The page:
Choose a couple of the sequences. Try to picture how to make the next, and the next, and the next... Can you describe your reasoning?

15 = 7 + 8 and 10 = 1 + 2 + 3 + 4. Can you say which numbers can be expressed as the sum of two or more consecutive integers?

Charlie has made a Magic V. Can you use his example to make some more? And how about Magic Ls, Ns and Ws?

Is there a relationship between the coordinates of the endpoints of a line and the number of grid squares it crosses?

Imagine we have four bags containing a large number of 1s, 4s, 7s and 10s. What numbers can we make?

Great Granddad is very proud of his telegram from the Queen congratulating him on his hundredth birthday and he has friends who are even older than he is... When was he born?

When number pyramids have a sequence on the bottom layer, some interesting patterns emerge...

A 2 by 3 rectangle contains 8 squares and a 3 by 4 rectangle contains 20 squares. What size rectangle(s) contain(s) exactly 100 squares? Can you find them all?

Four bags contain a large number of 1s, 3s, 5s and 7s. Pick any ten numbers from the bags above so that their total is 37.

Caroline and James pick sets of five numbers. Charlie chooses three of them that add together to make a multiple of three. Can they stop him?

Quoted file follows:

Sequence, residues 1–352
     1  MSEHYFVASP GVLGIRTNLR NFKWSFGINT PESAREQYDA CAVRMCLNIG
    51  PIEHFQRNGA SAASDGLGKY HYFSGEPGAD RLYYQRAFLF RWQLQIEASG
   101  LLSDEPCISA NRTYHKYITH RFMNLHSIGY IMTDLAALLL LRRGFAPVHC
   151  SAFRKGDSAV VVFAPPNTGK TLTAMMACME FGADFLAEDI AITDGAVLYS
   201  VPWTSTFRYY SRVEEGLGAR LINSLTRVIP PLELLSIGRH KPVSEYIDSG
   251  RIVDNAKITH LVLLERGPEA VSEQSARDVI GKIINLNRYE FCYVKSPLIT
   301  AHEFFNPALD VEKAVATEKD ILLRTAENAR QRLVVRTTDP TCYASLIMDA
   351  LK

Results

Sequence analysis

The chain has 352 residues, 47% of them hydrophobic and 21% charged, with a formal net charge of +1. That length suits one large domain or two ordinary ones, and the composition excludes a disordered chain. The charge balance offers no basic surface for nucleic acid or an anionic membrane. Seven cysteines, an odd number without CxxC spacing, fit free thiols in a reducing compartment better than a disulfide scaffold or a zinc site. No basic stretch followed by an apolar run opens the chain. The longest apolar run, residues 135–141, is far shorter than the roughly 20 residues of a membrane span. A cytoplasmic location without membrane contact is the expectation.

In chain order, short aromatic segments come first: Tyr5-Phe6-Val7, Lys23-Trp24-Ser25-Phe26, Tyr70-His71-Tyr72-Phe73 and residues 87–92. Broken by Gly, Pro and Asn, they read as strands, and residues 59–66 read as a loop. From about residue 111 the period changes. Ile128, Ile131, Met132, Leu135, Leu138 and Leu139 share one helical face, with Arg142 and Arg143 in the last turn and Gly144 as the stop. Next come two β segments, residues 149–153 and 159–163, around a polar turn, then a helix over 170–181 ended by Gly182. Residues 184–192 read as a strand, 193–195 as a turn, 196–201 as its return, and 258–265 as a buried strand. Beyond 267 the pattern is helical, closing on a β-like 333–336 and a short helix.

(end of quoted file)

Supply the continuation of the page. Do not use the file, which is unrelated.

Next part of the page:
Try entering different sets of numbers in the number pyramids. How does the total at the top change?

An article for teachers and pupils that encourages you to look at the mathematical properties of similar games.

Spotting patterns can be an important first step - explaining why it is appropriate to generalise is the next step, and often the most interesting and important.

How many moves does it take to swap over some red and blue frogs? Do you have a method?

Choose four consecutive whole numbers. Multiply the first and last numbers together. Multiply the middle pair together. What do you notice?

I added together some of my neighbours' house numbers. Can you explain the patterns I noticed?

This article for teachers describes several games, found on the site, all of which have a related structure that can be used to develop the skills of strategic planning.

Square numbers can be represented as the sum of consecutive odd numbers. What is the sum of 1 + 3 + ..... + 149 + 151 + 153?

Start with any number of counters in any number of piles. 2 players take it in turns to remove any number of counters from a single pile. The loser is the player who takes the last counter.

Find some examples of pairs of numbers such that their sum is a factor of their product. eg. 4 + 12 = 16 and 4 × 12 = 48 and 16 is a factor of 48.

The sum of the numbers 4 and 1 [1/3] is the same as the product of 4 and 1 [1/3]; that is to say 4 + 1 [1/3] = 4 � 1 [1/3]. What other numbers have the sum equal to the product and can this be so. . . .

Consider all two digit numbers (10, 11, . . . ,99). In writing down all these numbers, which digits occur least often, and which occur most often ? What about three digit numbers, four digit numbers. . . .